The Montana State Prison does not have an "English only" letter policy for its inmates, just a lack of funding to employ an interpreter who can ensure that foreign-language correspondence doesn't include plots or threats, state officials said Friday.
The court filing by two special assistant attorneys general on behalf of the Department of Corrections was made in response to an inmate's claim that prison officials violated his constitutional rights by withholding letters written to him in Spanish by his friends and family.
Prison officials say incoming mail represents a threat and must be screened to maintain safety and security. If mail is written in code or any language not understood by prison personnel, it is returned to the sender, the prison's policy states.
"Inmate correspondence can be used to plot threats to the facility, its staff, other inmates and the public at large," the state's court filing reads. "Inmate correspondence written in code or in a language which prison officials cannot understand can be used to facilitate the commission of blackmail, extortion, escape plans, trafficking in contraband and prison assaults and disturbances."
William Diaz-Wassmer, a 26-year-old Guatemala native, said in his lawsuit filed June 30 that the prison has an English-only letter policy that violates his constitutional rights of free speech and equal protection.
The lawsuit named as defendants Corrections Director Mike Ferriter, Montana State Prison warden Mike Mahoney, prison security manager Tom Wood and mail room supervisor Denise DeYott.
The defendants say the policy applies equally to all prisoners, and nowhere in it is the word "English" used.
"While it is true that prisoner do not lose all of their constitutional rights upon incarceration, some rights retained by free citizens are lost or necessarily diminished by imprisonment," their response reads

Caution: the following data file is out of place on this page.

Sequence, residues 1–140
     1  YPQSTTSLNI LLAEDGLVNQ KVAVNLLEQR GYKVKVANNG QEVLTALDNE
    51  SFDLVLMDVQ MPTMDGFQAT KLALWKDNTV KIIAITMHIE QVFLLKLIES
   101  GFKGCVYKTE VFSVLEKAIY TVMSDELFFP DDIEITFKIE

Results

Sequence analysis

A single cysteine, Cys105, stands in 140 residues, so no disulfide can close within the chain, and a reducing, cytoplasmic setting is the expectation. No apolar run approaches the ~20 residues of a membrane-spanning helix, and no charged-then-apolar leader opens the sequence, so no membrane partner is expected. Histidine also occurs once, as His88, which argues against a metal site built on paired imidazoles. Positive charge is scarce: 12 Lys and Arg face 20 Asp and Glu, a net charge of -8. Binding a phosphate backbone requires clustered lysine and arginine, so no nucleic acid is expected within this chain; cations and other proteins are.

The prison at Deer Lodge used to employ a security worker who also volunteered to translate Spanish-language letters. But nobody else has come forward to do the job since that employee retired last year, and with a shrinking budget, the prison doesn't have funds to pay for a new interpreter, according to the state's filing.
Diaz-Wassmer is being represented by the Montana chapter of the American Civil Liberties Union. ACLU attorney Betsy Griffing said it doesn't matter whether the actual words "English only" are included in the prison policy _ that's the effect of the policy.
"This policy doesn't just affect Mr. Diaz-Wassmer, if affects all the inmates who don't have English as their primary language," Griffing said.
The ACLU will ask during the case's discovery period for the exact number of Montana inmates who don't speak English as a first language and who have had letters withheld as a result of the policy, she said.
Diaz-Wassmer was convicted in 2007 of killing and robbing a Livingston woman and then setting her house on fire to cover up the crimes. He was sentence to 160 years in the Deer Lodge prison.